Huw Jones (Scotland)

A Scot with a Welsh name who plays in South Africa. Quite a bit to get your head around. A few months ago nobody from the British Isles had heard of this 22-year-old centre, yet after being plucked from relative obscurity, the Edinburgh-born Stormers centre burst on to the scene in quite some style in November. Picked at outside centre against Southern Hemisphere giants Australia – having only made his debut in the summer – Jones proceeded to score two tries and claim a well-deserved ‘Man of the Match’ award as Scotland once again came agonisingly close to recording an overdue victory over the Wallabies. Now he is the talk of the town, with Scotland desperately trying to get him back playing in his homeland, and maybe even Gatland taking a little more interest in the Scot. Jones’ attacking skills were evident throughout the autumn, and Vern Cotter will likely give him every chance to have a go at Scotland’s European rivals in the Six Nations and with it stake a claim for a possible Lions berth. Will face competition from fellow Lions hopefuls Mark Bennett and Duncan Taylor but if he maintains recent form could well be a bolter.


Jamie Roberts (Wales)

One of Gatland’s most trusted lieutenants, and a man who was a key member of the two previous Lions tour, Roberts may be somewhat of a surprising name to find on this list. Yet on the evidence of recent performances time seems to be catching up with the Harlequins centre. With Wales looking to shake off the ‘Warrenball’ tag and evolve their game to a more expansive style of playing, Roberts has been the biggest casualty of this evolution. Over the years Roberts has been highlighted as both the strength and weakness within the Welsh team – a strong tackler and key weapon in punching holes in opposition defences with his direct running, but also being described as an unimaginative midfield player who lacks the creativity to unlock defences with his passing game. Going into the autumn, the clamour for Scarlets centre Scott Williams to wear the No.12 jersey was building and following a defensive horror show that saw Australia run out 32-8 winners in Wales’ opening match, Roberts paid the price losing his place in the starting XV for the key games against Argentina and South Africa. All of this despite the former Cardiff player excelling in the Six Nations with a number of key performances in both defence and attack. However with the likes of Owen Farrell and Robbie Henshaw performing consistently well at inside centre in recent times and having lost his Wales place to Williams, Roberts seemingly has it all to do if he is to be on that plane to New Zealand next summer. Heading towards the latter end of his career Roberts may have to reinvent himself as a player in the same way the likes of Brian O’ Driscoll and Paul O’ Connell answered the critics who wrote them off towards the end of their careers, and with Gatland at the helm should he be able to do that over the coming months he may still have a key role to play next summer.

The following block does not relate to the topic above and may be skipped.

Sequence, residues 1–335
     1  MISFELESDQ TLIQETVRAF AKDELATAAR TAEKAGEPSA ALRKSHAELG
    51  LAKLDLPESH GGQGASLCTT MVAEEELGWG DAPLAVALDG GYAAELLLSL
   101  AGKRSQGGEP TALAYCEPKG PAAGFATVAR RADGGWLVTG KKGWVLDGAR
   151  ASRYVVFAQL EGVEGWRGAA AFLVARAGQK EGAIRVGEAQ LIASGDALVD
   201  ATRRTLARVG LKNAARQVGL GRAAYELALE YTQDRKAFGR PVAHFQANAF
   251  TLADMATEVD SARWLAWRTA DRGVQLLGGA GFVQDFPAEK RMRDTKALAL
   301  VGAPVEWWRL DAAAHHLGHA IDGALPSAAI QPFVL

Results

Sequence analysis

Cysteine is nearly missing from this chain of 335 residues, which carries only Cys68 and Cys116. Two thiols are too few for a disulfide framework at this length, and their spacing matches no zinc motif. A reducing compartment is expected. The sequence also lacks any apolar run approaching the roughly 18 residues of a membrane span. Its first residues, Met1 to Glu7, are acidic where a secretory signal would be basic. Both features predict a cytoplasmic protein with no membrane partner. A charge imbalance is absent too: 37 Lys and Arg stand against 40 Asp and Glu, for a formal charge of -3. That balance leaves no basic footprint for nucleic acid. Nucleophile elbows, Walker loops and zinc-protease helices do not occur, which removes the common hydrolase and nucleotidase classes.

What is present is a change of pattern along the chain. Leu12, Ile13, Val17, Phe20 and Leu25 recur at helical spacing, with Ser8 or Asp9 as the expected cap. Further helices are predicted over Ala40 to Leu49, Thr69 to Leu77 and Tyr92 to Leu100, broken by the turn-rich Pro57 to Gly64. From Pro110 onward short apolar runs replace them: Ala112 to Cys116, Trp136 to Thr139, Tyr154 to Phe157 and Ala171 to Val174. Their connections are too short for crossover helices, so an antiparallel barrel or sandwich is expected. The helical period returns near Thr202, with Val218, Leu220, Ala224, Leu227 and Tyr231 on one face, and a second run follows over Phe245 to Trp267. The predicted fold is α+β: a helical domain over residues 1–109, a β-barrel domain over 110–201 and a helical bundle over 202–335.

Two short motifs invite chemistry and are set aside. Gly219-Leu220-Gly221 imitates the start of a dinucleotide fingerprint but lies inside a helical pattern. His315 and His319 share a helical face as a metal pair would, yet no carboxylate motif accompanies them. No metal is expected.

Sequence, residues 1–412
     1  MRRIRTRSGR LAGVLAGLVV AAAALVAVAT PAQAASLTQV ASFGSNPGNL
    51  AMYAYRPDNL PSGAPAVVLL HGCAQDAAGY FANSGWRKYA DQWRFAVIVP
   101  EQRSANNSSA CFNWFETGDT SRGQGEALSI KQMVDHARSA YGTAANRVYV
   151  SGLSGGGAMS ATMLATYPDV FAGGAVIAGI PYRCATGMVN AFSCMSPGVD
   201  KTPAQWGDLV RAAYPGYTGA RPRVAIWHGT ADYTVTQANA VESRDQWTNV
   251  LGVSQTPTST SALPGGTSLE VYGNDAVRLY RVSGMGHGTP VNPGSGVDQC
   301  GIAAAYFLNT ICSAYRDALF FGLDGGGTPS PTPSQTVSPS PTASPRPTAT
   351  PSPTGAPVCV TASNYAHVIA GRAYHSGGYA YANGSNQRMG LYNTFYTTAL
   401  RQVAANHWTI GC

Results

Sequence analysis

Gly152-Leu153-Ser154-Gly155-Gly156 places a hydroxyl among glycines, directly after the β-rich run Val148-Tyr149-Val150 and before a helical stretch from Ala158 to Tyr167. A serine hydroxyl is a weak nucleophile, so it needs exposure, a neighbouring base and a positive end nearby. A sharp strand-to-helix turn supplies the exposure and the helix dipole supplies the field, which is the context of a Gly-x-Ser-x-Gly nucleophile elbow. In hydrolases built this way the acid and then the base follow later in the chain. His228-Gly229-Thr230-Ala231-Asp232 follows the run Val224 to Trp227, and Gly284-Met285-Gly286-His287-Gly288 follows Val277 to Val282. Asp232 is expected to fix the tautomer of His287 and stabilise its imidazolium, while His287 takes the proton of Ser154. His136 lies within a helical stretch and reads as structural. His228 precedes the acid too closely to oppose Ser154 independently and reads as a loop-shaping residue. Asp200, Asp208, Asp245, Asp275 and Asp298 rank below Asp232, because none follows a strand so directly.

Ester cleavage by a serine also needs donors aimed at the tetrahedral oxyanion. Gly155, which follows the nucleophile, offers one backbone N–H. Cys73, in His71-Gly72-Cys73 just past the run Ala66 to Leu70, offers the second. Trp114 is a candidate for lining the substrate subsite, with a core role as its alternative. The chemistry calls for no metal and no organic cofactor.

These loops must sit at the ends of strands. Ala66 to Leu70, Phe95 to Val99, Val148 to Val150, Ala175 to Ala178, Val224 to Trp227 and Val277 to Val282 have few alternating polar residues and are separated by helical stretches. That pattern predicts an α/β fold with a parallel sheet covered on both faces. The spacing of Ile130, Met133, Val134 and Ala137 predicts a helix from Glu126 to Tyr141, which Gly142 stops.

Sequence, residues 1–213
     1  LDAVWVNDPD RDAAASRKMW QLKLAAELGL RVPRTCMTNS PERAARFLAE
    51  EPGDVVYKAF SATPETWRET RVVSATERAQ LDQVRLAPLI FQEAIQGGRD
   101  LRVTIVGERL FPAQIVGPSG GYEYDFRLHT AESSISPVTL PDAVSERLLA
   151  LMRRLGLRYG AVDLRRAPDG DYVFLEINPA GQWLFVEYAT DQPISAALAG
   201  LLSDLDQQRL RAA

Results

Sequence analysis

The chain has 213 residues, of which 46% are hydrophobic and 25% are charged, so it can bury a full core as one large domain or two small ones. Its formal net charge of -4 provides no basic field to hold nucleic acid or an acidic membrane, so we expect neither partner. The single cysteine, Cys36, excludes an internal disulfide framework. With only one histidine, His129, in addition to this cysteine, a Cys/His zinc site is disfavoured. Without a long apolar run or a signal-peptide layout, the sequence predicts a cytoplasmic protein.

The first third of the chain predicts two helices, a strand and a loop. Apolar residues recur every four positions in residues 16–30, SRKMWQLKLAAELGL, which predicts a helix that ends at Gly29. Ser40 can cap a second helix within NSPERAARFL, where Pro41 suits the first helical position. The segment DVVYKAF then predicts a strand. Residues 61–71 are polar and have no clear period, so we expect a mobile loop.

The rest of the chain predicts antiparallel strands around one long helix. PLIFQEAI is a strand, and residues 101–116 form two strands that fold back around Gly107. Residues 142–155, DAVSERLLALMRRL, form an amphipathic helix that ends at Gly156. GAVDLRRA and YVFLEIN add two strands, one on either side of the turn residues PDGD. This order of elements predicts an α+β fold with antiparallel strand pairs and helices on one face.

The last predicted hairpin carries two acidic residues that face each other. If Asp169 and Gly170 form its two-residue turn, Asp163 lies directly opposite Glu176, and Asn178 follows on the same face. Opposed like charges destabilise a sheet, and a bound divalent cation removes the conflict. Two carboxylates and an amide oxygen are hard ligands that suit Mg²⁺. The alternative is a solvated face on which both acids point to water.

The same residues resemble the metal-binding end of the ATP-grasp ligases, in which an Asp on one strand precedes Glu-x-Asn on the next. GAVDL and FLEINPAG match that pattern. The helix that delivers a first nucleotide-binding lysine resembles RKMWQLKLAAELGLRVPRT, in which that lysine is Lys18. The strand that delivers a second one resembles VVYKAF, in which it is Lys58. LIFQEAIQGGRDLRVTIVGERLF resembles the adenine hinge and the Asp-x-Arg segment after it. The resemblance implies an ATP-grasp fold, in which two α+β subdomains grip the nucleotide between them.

Joe Marler (England)

Another player who seemed to be a front-runner for Lions selection at the start of the year, only to lose ground to an international rival over the last few months. Having played a part in all five Six Nations games during England’s Grand Slam success in the Spring, Marler’s decision to take a break from the game and not tour Australia in the summer saw Saracens’ Mako Vunipola steal a march on him in the front-row pecking order. Vunipola’s performances both on that tour and for Saracens at the start of the season have cemented his place as England’s first-choice loosehead, and whilst Marler has returned to international action this autumn he has found himself often having to do with a role off the bench. Whilst Marler’s decision to take a break from the game following a number of disciplinary issues was a brave call that saw many people commend him for such an action, it offered the more mobile Vunipola a great opportunity which he has gladly taken with the Saracens prop looking favourite at the moment to start in the Lions front-row for the test series next summer. A competent scrummager if not the strongest, Marler will need to generate some more form over the coming months to compete for a place in the touring squad.